Let’s talk opera.

 

When you think of opera, do you envision an elegant evening of spectacle and emotion presented by some of the most gifted artists on earth? Then you’re thinking of Inland Northwest Opera, and your season tickets are one of your most treasured possessions.

 

Or do you think of opera as two portly people in slightly musty costumes and horned Viking helmets (which the Vikings never wore by the way) standing two feet apart and bellowing Wagner at each other for several loud hours?

If you are best described in the second paragraph above, let’s talk opera!

 

Why do lovers serenade their sweetheart? Why sing their love rather than say it?

 

When you try to research this puzzling pairing of melody and speech, you find things like the following:

The ability to detect emotion in speech and music is an important task in our daily lives. Studies have shown that the power of the human voice to communicate emotion is well documented in verbal speech as well as in non-verbal vocal sounds, and the human voice is thought to convey emotional valence, arousal and intensity via its modification of spectral and temporal signals. 

 

That’s OK, we didn’t understand it either.

 

But what we do understand is when we sing along with the lyrics of the music we love, we feel our emotions go wherever the words and music take us. “The Dance” sung by Garth Brooks can suddenly flood us with bittersweet sadness even if we were happily belting out, “I’ve Got Friends in Low Places” just 20 seconds ago.

 

And what we do understand is that the human voice is a miracle. No instrument can duplicate the effect it has on our mind, soul and spirit. We may say of a favorite actor, “I would pay to hear him read the phone book.” When the human voice sings, it can thrust us down to dense despair or boost us up to sunlit heights.

 

Here are the words on the website home page of the famous Inland Northwest Opera: "Experience OPERA … where the raw power of the human voice and drama of love and tragedy come together in one spectacular event. Feel it, live it - the thrill of opera!”

 

Be bold. Dare to do it. Silence your mobile device and close your theatre program. The curtain is going up on a beautiful, wonderful, awesome creation—an Inland Northwest Opera production! After your soul has taken flight on the wings of voices that are gifts from God; after laughter at divinely comedic moments and tears during scenes of death and heartbreak; when the closing moments bring you to your feet and you applaud until your hands hurt—then opera will return you to your real daily life with a window opened in your soul that can never be shut.

 

The Inland Northwest Opera, which some have known by their former name, Opera CDA—a name change that was precipitated by the desire to serve a broader audience in both Idaho and Washington, is the only professional opera company in the Inland Northwest. Their mission is simple and one they fulfill with great joy: “To produce exceptional opera that inspires, enriches and expands the hearts and minds of the Inland Northwest community.”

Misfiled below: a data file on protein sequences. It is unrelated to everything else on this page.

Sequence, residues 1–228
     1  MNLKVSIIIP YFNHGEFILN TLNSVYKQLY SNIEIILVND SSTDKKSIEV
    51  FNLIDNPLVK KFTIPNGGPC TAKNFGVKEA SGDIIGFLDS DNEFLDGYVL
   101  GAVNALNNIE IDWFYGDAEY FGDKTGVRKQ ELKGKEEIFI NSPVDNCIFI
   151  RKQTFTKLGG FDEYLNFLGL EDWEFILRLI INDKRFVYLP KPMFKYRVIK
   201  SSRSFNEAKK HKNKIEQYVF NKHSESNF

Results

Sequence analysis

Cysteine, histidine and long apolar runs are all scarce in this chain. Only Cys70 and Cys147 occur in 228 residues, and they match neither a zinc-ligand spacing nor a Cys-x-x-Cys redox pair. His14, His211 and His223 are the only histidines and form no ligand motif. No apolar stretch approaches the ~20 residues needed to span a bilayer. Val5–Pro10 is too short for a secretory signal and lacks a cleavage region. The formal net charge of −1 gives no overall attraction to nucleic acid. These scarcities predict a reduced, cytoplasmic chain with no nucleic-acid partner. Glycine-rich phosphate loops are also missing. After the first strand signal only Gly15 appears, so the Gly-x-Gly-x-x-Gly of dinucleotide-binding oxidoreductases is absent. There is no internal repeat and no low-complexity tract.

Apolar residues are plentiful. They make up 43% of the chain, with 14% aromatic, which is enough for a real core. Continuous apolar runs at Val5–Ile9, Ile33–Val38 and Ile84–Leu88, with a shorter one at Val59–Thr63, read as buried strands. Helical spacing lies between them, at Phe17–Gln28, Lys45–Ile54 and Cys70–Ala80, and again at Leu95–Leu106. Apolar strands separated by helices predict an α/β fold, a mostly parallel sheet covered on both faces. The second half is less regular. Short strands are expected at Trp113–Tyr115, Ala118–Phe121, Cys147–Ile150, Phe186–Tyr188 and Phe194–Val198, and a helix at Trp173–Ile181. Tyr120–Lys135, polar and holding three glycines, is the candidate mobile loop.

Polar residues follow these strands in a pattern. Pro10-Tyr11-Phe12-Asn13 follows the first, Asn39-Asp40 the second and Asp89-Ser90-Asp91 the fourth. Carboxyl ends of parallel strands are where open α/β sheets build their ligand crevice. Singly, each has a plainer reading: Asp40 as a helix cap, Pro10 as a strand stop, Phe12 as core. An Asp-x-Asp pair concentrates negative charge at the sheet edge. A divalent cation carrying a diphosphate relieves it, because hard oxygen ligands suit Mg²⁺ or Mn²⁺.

Just how do they accomplish this? One such way is through their Opera-tunities program, the goal of which is to instill an early appreciation of opera among elementary-aged children through a 60-minute performance at the schools. Over the course of the last eight years, Opera-tunities has produced eight operas and held over 160 performances for almost 50,000 students in Idaho and Eastern Washington.

 

They also present wonderful performances that are free to the public. This summer, a children’s opera titled “The Toy Shop” was performed at First Presbyterian Church in Coeur d’Alene, Coeur d’Alene Public Library, and West Central Community Center in Spokane. They also did several performances at schools in North Idaho and Eastern Washington. The performance included opera students from both the University of Idaho and Eastern Washington University.

One of the most anticipated performances of the upcoming season is “Madame Butterfly,” which will take place at Martin Woldson Theater at the Fox in Spokane on September 20 and 22. General Director Dawn Wolski stated that this performance is meant to honor the Japanese legacy of our region.

 

“This 1904 opera emerged as a powerful message on racial bias, and it remains relevant today,” she said.

“Madame Butterfly” features a young Japanese maiden whose pride and honor are wounded by an American naval officer. Directed by Fenlon Lamb, “Madame Butterfly” will feature an innovative set design constructed from paper by Papermoon Opera Productions, who will create a virtually all-paper set with unique lighting and projections providing a dramatic stage effect.

 

The technique has been used for “Carmen” with Annapolis Opera and North Carolina Opera in 2019. Conductor Dean Williamson, who is entering his fourth season as music director of the Nashville Opera, returns to INO where he received his opera conducting debut. Elizabeth Caballero last appeared in Spokane as Musetta in “La bohème” in 2015 and as a 2017 soloist in Spokane Symphony’s Verdi’s Requiem. Sandra Piques Eddy appeared in Spokane as the title character for “Carmen” in 2017.


“Madame Butterfly” is sung in Italian with English supertitles. Tickets are priced $23 to $90. There are group rates available for groups of 15 or more in addition to special rates for seniors, veterans and educators in kindergarten through 12 schools.

 

To request information about having the opera come to your school, please email Katrina Zepeda at info@inlandnwopera.com. For more information on the opera and ticket information, go to InlandNWOpera.com.

 

 

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